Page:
ToBS R1: the Georgia Review vs dinner at Chili’s
[Matchup #30 in Tournament of Bookshit]
I’ve never read the Georgia Review. I have eaten dinner at Chili’s probably 50 times throughout my life. My favorite dish to get at Chili’s, the dish that has remained my favorite transitioning through all of the various eating habits I’ve had (being no-restriction to vegetarian to pesceterian to vegan), is the fajitas. The fajitas at Chili’s are exciting because they are a spectacle. Looking at the website for the Georgia Review, I see a complete lack of spectacle. Chili’s was my favorite restaurant growing up because it took me a while to develop any sort of palate for foods that are not ultimately mediocre. While it would seem that both the Georgia Review and Chili’s are ostensibly mediocre, Chili’s maintains a specific midwestern magic. Chili’s is, I guess, supposed to be “Tex-Mex” food, though that term really has no meaning whatsoever. My dad always gets Country-Fried Steak when we eat at Chili’s. I have fond memories of eating at Chili’s, mostly because I like Chili’s fajitas. If you are vegan you can get your fajitas with mushrooms and peppers instead of meat. And when you tell your kind, tan & undoubtedly blonde server that you don’t want cheese or sour cream with your fajitas, the sunny server will offer to give you guacamole and beans and everything is terrific. I have no fond memories of The Georgia Review. As much as I have a penchant to date southern boys, I don’t think I’ve ever dated someone from Georgia. Alabama, Tennesee, and Kentucky, yes, but not Georgia. I have been to Georgia before, it seems like an OK place. I’ve heard that Atlanta is pretty alright, I think Blake lives there. Unfortunately, none of the good things I’ve heard about Georgia seem to shine-through browsing The Georgia Review website. I don’t think I care about this “lit journal.” I generally don’t care for journals that follow the structural titling of “The [Location or School] Review.” Seems really lazy. I mean, okay, really it’s just boring. I think it transcends laziness in an attempt at utilitarianism. Do you know what I like about Chili’s fajitas? They are a snacktivity. My old roommate invented that term, or at least brought it to my attention. It’s a term that she used to described food that was fun to eat in the sense that it often took some construction. An active sense of eating. I enjoy when I am at Chili’s and the waitress brings out my fajitas and the peppers & onions (or steak or chicken if you’re so inclined) are still searing on the hot black plate, the wait-person will also inform you that the pan is hot and that you shouldn’t touch it. My mother used to have me melt cheese for her on the skillet while it was warm. You are provided with several warm flour tortillas which you then get to construct into fajitas, and this freedom to build your own meal allows the perfect opportunities for managing the proportions of the contents of your fajita. The last time I had fajita’s was actually one of the last times I saw my parents, but this was like 8 months ago. I wore long sleeves even though it was like 80 degrees out because I was nervous about having to deal with discussing my tattoos with my parents. Turns out it completely doesn’t matter, oh well. When I think of Chili’s I think of my family and when I think of The Georgia Review I think about how much I fucking hate certain parts of “writing culture.” When I think of Chili’s I think about fajitas and their shitty almost booze-less sangria, which I continue to order every time I’m there because I just want it to taste better than it does. When I think of the Georgia Review I think about the literary publications I see at bookstores that I have never even picked up to flip through. Ultimately neither Chili’s nor The Georgia Review will amount to much to future generations, both are simply by-products of our time, our cultural zeitgeist. I would like to eat Chili’s fajitas soon but I don’t think that there is a Chili’s in San Francisco. There’s not, I just checked, the closest one is in San Bruno, and because i’ve only lived in California for all of four months I have no idea where that is. By “where that is” I don’t necessarily mean in terms of cardinal directions, but rather I mean like “where that is” within the idea of how California operates. Different parts of California mean different things. I think maybe it’s weird that there are Chili’s in California at all, considering the fact that I insisted on ascribing it a specific “midwesternity” above. This is how culture develops.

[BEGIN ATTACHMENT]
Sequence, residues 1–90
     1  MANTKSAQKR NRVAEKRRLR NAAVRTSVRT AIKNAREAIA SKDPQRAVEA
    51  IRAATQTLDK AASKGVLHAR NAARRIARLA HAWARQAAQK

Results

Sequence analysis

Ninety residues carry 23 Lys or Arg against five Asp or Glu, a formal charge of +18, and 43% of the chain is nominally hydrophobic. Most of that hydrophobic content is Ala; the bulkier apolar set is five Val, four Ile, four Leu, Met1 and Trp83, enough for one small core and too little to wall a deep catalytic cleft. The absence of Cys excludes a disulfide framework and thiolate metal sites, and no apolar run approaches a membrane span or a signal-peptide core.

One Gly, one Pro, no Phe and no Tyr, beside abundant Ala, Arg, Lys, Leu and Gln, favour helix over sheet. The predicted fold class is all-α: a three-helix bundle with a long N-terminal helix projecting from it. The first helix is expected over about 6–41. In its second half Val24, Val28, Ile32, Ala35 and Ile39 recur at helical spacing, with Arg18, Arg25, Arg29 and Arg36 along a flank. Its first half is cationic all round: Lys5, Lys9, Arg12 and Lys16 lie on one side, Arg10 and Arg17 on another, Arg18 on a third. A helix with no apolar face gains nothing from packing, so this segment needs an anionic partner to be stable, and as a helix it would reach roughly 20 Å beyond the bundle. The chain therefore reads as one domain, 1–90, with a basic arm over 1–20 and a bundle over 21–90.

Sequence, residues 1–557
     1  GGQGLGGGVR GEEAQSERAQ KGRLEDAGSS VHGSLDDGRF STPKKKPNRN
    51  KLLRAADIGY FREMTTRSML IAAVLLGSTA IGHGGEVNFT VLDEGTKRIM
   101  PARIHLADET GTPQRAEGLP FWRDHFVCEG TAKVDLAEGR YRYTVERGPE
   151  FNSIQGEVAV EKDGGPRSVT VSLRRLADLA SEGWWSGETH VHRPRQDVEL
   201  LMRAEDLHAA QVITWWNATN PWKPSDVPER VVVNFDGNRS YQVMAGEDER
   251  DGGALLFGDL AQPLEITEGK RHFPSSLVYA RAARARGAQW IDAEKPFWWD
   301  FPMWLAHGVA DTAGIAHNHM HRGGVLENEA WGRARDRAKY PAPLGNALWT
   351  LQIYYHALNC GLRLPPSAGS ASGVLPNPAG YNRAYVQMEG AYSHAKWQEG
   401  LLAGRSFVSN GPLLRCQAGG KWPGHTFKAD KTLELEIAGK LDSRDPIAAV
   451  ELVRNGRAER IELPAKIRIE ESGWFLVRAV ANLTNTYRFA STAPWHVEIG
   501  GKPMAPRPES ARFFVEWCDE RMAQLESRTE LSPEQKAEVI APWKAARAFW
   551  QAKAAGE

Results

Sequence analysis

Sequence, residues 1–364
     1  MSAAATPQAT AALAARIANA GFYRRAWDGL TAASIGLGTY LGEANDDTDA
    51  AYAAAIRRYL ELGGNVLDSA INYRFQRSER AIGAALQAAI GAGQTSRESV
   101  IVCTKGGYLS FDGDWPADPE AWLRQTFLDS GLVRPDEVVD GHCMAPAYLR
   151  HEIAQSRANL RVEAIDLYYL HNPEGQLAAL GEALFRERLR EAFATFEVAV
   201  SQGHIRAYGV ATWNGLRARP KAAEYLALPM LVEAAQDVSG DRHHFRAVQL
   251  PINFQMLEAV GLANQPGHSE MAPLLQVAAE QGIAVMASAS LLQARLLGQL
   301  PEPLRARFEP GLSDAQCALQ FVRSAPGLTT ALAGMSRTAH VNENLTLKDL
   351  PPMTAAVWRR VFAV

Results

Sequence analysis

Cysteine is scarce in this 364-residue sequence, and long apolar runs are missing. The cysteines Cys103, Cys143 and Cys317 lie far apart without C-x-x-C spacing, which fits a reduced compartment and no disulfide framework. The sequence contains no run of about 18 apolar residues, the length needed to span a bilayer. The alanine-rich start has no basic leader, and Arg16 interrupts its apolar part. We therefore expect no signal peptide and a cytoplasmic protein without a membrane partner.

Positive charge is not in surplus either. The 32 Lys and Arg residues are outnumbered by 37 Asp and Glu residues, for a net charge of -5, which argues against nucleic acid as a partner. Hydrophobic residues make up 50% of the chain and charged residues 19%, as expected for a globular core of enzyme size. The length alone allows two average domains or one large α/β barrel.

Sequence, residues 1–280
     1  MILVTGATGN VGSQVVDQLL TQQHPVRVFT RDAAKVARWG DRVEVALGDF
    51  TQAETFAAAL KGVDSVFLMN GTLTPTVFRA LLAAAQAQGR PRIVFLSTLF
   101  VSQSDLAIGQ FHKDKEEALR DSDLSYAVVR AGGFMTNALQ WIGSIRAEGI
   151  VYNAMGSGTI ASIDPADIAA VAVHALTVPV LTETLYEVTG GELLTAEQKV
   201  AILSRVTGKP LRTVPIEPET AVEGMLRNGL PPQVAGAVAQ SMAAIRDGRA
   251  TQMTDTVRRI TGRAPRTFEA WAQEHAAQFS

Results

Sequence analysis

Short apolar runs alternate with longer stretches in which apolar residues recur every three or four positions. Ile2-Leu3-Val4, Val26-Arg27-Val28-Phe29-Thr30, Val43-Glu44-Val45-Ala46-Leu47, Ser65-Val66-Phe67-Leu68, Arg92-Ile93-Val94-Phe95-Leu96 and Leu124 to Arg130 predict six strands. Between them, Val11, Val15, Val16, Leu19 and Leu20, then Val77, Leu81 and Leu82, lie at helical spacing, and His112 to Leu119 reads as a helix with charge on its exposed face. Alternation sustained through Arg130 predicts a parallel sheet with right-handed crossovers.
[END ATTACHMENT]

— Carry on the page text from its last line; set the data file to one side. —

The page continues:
Anyway I’m supposed to pick a winner and despite the fact I don’t believe in strict binaries and this is constructed within the framework of one, the winner is Chili’s because I know nothing about The Georgia Review and I don’t know completely don’t care I guess. Also I’m hungry.
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WINNER: dinner at Chili’s